Download SOFA PDF
What is the "Statement of Current Monthly Income" for in a Oregon bankruptcy case?
This form determines whether you’re eligible to file for Chapter 7. And it has the most confusing name of any of the free bankruptcy forms for Oregon. Despite its name, the Statement of Current Monthly Income is not asking for your current monthly income. Rather it’s asking for your average income and your spouse’s average income over the last 6 months before your filing date.
The Court wants to know about your income from all sources over the past 6 months, including employment, side-businesses, family contributions, and government benefits like SNAP or unemployment. If your average household income for the past 6 months is below the median household income for families of your size, then great! - you’re eligible to file for Chapter 7. If you’ve earned above the median income, you may be ineligible for Chapter 7. If you’re a disabled veteran or someone who owes primarily business debt, you can fill out the Statement of Exemption from Presumption of Abuse explaining that you are still eligible for Chapter 7. But otherwise, if you’re over the median income, you must complete the Chapter 7 Means Test Calculation. To be honest, that form is a beast. You should definitely hire a lawyer if you need to complete that particular free bankruptcy form for Oregon.
Download Statement of Current Monthly Income PDF
What is the "Statement About Your Social Security Numbers" for in a Oregon bankruptcy case?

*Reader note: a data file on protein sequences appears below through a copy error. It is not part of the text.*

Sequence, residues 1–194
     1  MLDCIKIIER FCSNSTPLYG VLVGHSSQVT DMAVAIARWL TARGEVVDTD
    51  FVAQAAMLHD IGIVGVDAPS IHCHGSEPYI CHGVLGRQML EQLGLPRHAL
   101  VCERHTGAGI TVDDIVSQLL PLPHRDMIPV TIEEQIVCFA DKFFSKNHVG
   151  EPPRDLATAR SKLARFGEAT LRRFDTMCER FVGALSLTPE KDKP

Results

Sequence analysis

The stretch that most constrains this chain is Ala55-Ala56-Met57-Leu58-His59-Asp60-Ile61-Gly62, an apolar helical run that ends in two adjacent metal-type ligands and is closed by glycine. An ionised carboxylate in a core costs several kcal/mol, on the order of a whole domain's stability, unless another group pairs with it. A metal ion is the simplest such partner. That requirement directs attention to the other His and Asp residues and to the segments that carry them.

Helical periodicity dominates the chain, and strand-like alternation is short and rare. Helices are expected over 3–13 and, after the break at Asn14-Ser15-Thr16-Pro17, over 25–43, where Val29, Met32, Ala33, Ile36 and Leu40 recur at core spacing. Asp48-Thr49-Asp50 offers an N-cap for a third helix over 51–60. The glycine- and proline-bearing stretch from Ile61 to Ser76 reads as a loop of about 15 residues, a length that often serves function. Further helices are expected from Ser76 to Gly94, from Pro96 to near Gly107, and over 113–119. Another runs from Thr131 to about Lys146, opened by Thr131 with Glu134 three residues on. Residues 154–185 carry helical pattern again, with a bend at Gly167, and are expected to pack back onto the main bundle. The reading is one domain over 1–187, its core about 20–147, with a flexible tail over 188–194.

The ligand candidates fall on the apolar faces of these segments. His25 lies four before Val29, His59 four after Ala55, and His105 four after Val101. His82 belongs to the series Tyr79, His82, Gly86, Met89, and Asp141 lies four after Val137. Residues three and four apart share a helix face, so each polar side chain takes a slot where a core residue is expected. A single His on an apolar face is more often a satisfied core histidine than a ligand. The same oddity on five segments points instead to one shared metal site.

This document is one of the simplest of the free bankruptcy forms for Oregon. You list your Social Security Number (SSN) or your Individual Taxpayer Identification Number (ITIN). Only the last 4 digits of your SSN or ITIN will be publicly accessible in the court’s records. But is important that you list your entire SSN or ITIN accurately because otherwise the court will be unable to verify your identity.
Download Statement of SSN PDF
What is the "Creditor Matrix" for in a Oregon bankruptcy case?
All of the creditors on your free bankruptcy forms for Oregon are entitled to receive notice of your bankruptcy case. So when you file for Chapter 7 one of the forms must prepare is a creditor mailing list, often called the Creditor Matrix. The Creditor Matrix simply lists the names of all your creditors and their mailing addresses. The bankruptcy court uses this list to send all required notices to your creditors during your case.
Download Creditor Matrix PDF
What is the "Verification of Creditor Mailing List" for in a Oregon bankruptcy case?
Along with your Creditor Matrix, you must file a form stating that the matrix is a true and complete list of all your creditors. This free bankruptcy forms for Oregon is called the “Verification of Creditor Matrix.”
Download Verification of Creditor Mailing List PDF
What is the "Credit Counseling Course Certificate" for in a Oregon bankruptcy case?
Everyone who files for bankruptcy must complete a credit counseling course from this list of government-approved course providers. The course takes about an hour, costs between $10-$50, and can be completed online or over the phone. There are many good course providers. We recommend Debtorcc.org because the course can also be completed on your smartphone and only costs $15. Once you complete the credit counseling course, the course provider will email you a certificate of completion. The certificate isn’t an “official” free bankruptcy form for Oregon, but it is a document you must provide the Court. If you don’t earn the certificate before filing and provide it to the court, your case will be dismissed without any debt relief.
What bankruptcy forms are special for Oregon districts?
District of Oregon Requirements
The District of Oregon has no special forms.
- Expect to keep copies of your documents.
- You will need one copy of your forms.
- Expect to mail your petition to the trustee.
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We hope that was helpful!